the TAO of CHANGE

a boots-on-the-ground view of the change that's a-foot

Posts Tagged ‘recycled’

Trees and our Butts

Wednesday, March 4th, 2009

by Tao Oliveto, Carrboro, NC

We Americans love our luxuries and pampering, especially when it comes to our sorry butts. We use – no,  demand  – fluffy soft toilet paper in every bathroom, and we do so more than any other country. Although the switch to recycled TP seems like one of the no-brainer steps to helping the environment, the demand for thick and soft has prevailed beyond reason, and again, Americans lead the way in this phenomenon. I just have to ask, What gives?

Manufacturing recycled, unbleached paper of all kinds saves trees, water,  and creates less waste. The “required” softness is not available in recycled form since it is the longer fibers from standing trees which create the fluffiness. Although up to 50 percent of the pulp used to make toilet paper for this country comes from tree farms, “the rest comes from old, second-growth forests, some from the last virgin North American forests, an irreplaceable variety of endangered species, environmentalists say.” (NYTimes.com). Losing these trees also means more losing in the fight for the environment, since they are important absorbers of CO2.

The recession may help change our attitudes (though it’s a sad marker for our willingness to do our part in environmental stewardship). Recycled TP costs less and companies themselves may finally begin to move from ‘softer is better’ to a more truthful environmental campaign message.

“Americans use an average of 23.6 rolls per capita a year.” (NYTimes.com). Maybe we’ll all finally get some perspective and stop making trees the butt of this joke.

Recycled, mold-proof shower curtains – NO PVC

Monday, June 23rd, 2008

by Tao Oliveto, Carrboro, NC

The curtain I wrote about last week, has arrived from Health Goods. I was first pleased that it was sent in minimal packaging, with NO promotional materials included. The good news just kept on coming when I read the cover sheet (which was printed on recycled paper with vegetable-based ink):

100% RECYCLED polyester fabric

Water-repellent and anti-microbial

Fabric and product made in USA

Requires no shower rod hooks – buttons made from sustainable  Tagua nuts

Each full size curtain saves 130,000 BTU’s of energy

It comes in 3 sizes, so I was able to get one for my stall shower without all the extra material. I’ve used it a few times now and it truly is water-repellent and has no smell whatsoever. I’ve been fighting mold on my hemp/cotton curtains for so long, that this is a thrill for me. This curtain will never need to be replaced – it’s heavyweight and obviously durable – what a happy thought!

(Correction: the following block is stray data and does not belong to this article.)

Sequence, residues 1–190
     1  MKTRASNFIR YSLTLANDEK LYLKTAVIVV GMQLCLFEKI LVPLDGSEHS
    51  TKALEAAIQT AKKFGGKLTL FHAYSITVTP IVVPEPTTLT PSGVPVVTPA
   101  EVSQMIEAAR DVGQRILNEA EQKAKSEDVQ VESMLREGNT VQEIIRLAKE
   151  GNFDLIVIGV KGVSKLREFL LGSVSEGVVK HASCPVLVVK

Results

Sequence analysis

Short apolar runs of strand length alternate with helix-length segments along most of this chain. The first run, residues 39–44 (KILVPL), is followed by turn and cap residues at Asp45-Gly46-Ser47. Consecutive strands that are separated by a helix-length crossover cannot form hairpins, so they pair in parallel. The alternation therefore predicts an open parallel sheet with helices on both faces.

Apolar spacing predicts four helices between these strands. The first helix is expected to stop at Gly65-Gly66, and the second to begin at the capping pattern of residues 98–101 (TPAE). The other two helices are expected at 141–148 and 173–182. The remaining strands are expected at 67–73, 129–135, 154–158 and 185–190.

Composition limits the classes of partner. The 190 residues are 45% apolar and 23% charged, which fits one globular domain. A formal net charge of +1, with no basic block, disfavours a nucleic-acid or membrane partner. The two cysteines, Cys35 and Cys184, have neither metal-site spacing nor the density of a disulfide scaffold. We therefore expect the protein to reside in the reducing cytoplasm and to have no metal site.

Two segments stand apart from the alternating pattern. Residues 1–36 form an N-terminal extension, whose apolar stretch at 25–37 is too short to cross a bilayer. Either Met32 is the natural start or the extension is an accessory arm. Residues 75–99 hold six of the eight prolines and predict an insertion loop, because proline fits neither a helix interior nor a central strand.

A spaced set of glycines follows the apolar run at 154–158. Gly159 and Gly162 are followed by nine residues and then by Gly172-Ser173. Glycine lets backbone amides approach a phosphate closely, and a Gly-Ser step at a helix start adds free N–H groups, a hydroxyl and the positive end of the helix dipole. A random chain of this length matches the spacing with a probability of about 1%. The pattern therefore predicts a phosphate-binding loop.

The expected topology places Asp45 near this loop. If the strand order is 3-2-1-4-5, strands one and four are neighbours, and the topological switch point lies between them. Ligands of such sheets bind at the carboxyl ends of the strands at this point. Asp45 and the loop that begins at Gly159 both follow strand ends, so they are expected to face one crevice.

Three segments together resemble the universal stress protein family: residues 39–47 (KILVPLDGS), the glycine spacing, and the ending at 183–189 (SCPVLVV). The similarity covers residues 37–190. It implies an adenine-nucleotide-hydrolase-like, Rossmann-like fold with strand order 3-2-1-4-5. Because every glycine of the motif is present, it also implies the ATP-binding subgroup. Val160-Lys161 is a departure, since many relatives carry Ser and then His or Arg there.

To order or for more info., go here. Pass it on to your showering friends!

Thrift-Love, it’s not just about the clothes

Friday, April 4th, 2008

Reported on Ecorazzi.com, Actress, Thandie Newton, on clothes – “It is grotesque how out of control manufacturing has become, and the excess, the pollution that’s caused by it. Vintage (clothing) is not only glorious and stylish, it’s also the way forward in terms of recycling. Whenever I go into great vintage stores, I wonder why we ever buy new things.”

Some celebs walk the walk – red carpet and otherwise – and Thandie gets going green.

The Change founder, Jerry Stifelman, knows the consumer end of fashion, and he loves all aspects of thrifting, especially the new clothing and accessory swap site, Swango.com. At Swango, you can find quality and style for a few dollars and the price of shipping, and you don’t have to leave home. Here’s more from Jerry on the experience of thriting:

For the core thrift customer, it’s a conscious, highly valued choice. For them, the glossy sterility of The Gap or Banana Republic pales in comparison to the possibilities of used clothing. The foundation of the thrift experience is that it is AN EXPERIENCE.

These assets include:
– DESTINY. Everything at a retail store is calculated to appeal to people. There is no thrill in buying a pair of jeans that a marketing department has predicted that a half a million people including yourself will purchase. At a thrift store, if you see a sweater, or a hat that appeals to you — it’s the only one there. It has taken its own path across space and time to reach you. It’s meant to be. It’s special. It’s meaningful.

– STORY. A new t shirt comes to you from a factory where it was made alongside thousands of others. A thrift store shirt has an utterly unique story — you don’t necessarily know what the story is — but you know it’s there.

– COMMUNITY. Like anything that involves a choice that deviates from the mainstream, there is a sense of community associated with the thrift experience. You know that others feel similarly and it creates an instant connection. The exchanges between thrift store employees and customers are more intimate, relaxed and less businesslike than between typical retail employees and customers — in fact, they are more apt to be genuine conversations — not just polite exchanges.

Fashion doesn’t get any better than this.



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